Charlotte is a city full of tennis players of all levels, from beginners to a few professionals.
For those players who want to watch the best players in the city compete there is the Charlotte Pro League presented by Del Frisco’s.
The 11th season of the pro league has started and the playoff finals will be Aug. 27. There is a men’s division made up of eight teams (with 12 players per team) and a women’s division (four teams with five on each).
Teams consist of the best players in the city, from teaching pros at local clubs to those who played collegiately and work in the area. The players in the league have played at some of the best schools in the country, such as Southern California, Virginia and Clemson plus top players from state schools like UNC, Duke, Davidson, Belmont Abbey and Queens.
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“It’s a way for people who enjoy tennis to see it up close and at a high level,” Pro League Coordinator Randy Chamberlain said.
Matches are played at local clubs in south Charlotte. The opening night of matches was at Olde Providence Racquet Club, and 10 other facilities will host matches. Most of the facilities put the matches on courts where the most people can watch, and many have food and beverages available for fans.
In the men’s division the format is one singles match and three doubles matches, while the women’s division is one singles match and one doubles match, and at the end of the season the top teams (usually top three in the men’s) win a little bit of money. Each team in the league has a sponsor, which helps pay for their uniforms, court time and prize money.
The money also helps provide support for the Charlotte Special Olympics Tennis Program.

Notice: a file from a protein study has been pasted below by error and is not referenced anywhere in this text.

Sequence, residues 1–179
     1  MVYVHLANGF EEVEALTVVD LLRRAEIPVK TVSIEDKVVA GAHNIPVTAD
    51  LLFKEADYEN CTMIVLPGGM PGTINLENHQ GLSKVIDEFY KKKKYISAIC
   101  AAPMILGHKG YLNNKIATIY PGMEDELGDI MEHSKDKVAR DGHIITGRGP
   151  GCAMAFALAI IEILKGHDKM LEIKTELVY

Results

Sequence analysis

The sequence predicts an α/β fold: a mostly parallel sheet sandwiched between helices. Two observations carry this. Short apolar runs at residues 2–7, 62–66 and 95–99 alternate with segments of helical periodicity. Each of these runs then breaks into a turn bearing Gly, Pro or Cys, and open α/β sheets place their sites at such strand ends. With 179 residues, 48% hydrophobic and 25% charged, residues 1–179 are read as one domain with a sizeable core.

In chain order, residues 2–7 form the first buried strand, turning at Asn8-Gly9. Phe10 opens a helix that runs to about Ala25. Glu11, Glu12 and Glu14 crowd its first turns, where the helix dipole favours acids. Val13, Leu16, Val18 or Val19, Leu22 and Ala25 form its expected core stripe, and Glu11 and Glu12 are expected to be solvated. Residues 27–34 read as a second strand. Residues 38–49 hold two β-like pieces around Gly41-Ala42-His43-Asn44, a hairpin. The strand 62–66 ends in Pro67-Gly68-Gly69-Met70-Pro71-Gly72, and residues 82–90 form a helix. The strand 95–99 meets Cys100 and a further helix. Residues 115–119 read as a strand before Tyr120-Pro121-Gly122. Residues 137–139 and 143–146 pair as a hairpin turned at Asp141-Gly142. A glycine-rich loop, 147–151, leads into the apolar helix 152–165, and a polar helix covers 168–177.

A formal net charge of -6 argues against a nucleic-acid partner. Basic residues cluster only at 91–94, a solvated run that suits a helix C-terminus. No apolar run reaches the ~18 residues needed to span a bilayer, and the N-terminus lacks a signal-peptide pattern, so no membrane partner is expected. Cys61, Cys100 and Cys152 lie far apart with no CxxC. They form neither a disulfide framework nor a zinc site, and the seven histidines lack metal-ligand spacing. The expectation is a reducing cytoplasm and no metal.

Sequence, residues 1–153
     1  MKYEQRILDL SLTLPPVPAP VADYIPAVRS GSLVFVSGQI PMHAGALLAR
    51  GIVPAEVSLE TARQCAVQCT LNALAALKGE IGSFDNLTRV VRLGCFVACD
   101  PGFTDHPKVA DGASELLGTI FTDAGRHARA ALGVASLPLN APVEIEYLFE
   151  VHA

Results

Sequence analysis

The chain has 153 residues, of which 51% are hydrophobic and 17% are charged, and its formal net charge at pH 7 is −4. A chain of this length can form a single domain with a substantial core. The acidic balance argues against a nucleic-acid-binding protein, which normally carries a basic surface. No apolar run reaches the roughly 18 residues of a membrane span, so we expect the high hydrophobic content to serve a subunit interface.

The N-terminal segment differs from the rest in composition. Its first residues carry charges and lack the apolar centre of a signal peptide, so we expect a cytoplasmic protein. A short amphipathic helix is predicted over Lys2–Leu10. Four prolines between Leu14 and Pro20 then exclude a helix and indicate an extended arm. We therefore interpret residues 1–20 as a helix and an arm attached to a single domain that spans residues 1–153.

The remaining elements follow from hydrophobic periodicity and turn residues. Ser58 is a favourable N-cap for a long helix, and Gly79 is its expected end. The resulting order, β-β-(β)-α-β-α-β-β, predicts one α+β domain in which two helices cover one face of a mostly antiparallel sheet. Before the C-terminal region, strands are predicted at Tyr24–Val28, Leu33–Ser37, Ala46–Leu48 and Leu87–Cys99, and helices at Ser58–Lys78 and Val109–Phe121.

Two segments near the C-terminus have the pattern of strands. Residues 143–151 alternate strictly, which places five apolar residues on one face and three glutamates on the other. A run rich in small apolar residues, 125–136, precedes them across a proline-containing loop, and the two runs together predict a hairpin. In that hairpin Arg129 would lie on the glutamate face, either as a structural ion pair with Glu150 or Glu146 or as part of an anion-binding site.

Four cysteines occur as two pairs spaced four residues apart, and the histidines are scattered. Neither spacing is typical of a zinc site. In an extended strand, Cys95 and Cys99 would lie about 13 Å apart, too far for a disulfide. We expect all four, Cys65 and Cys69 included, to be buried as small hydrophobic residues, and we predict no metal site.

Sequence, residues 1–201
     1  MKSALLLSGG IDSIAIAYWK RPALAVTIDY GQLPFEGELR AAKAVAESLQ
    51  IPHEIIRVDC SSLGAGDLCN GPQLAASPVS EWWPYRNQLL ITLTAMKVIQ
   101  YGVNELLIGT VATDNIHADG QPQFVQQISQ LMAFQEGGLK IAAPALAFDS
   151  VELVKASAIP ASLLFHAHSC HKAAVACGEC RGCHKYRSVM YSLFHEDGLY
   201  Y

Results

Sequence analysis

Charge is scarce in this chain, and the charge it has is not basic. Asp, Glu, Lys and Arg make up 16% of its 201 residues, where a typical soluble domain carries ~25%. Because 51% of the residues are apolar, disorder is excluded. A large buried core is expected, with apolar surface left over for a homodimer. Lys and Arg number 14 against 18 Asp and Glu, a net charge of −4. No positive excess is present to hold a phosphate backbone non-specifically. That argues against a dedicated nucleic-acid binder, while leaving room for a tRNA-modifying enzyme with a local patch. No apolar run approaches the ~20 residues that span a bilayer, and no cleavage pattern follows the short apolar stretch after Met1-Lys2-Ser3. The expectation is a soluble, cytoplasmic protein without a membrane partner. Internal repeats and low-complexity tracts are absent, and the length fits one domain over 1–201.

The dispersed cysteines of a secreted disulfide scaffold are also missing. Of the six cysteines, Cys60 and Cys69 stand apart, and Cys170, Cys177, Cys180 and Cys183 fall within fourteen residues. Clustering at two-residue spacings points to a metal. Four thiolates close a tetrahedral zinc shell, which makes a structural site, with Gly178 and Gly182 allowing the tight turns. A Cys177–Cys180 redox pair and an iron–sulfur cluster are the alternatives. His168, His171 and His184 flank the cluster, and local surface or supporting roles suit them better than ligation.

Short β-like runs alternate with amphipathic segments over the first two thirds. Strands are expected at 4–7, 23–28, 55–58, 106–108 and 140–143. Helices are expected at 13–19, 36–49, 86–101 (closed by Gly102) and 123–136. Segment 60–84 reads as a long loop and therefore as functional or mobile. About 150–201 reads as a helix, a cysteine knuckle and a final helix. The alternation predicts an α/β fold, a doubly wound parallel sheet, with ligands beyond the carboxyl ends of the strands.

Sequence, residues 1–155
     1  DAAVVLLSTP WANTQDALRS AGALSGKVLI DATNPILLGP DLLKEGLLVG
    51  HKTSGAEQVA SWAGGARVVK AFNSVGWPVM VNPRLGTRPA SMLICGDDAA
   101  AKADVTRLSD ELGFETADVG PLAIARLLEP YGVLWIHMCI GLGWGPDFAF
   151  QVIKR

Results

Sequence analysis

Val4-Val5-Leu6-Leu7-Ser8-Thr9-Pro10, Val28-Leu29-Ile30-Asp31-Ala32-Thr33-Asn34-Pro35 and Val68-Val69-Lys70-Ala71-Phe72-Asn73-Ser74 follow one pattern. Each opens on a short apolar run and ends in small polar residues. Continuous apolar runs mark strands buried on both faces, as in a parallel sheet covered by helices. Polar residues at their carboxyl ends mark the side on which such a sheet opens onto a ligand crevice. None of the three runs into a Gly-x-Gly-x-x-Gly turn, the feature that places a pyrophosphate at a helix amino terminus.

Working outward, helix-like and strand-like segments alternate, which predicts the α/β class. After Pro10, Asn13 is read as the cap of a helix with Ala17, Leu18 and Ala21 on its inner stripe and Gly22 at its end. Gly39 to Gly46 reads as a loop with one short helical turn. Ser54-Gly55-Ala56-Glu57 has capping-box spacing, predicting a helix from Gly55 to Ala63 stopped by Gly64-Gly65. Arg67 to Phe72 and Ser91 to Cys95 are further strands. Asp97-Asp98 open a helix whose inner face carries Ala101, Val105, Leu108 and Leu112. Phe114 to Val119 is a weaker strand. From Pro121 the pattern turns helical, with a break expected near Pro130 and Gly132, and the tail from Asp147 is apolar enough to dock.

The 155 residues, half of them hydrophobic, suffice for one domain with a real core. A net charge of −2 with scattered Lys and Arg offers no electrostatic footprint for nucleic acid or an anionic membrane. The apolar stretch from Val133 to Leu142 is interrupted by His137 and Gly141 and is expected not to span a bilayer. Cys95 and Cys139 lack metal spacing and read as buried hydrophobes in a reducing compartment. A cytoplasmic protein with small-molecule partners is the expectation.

This is the fourth year the league has partnered with the Special Olympics, and Chamberlain says the league has been able to give at least $1,000 per year plus tennis racquet and tennis balls to them. And on opening night (at Olde Providence) the league puts on a small clinic for Special Olympics tennis players and an exhibition prior to the matches with Pro League players partnering with a Special Olympics participant.
It’s a long way from the beginning of the league 11 years ago, which was founded by current Charlotte Tennis Association Executive Director Carla O’Connor with the help of a few local pros. That year O’Connor says there were about 35-40 players (men only).
“The teams are much deeper now and it is really exciting to see so many former Division I players competing,” O’Connor said. “It’s great that these players keep competing in a team format and get to experience the camaraderie the Pro League offers.”
Matt Kline is a freelance writer. Have a story idea for Matt? Email him at Mathew_kline@att.net.
For more information on the Charlotte Pro League presented by Del Frisco’s, go to www.Charlotte.usta.com and click the Pro League link. Rosters, schedules, sponsor information and standings are all on the page.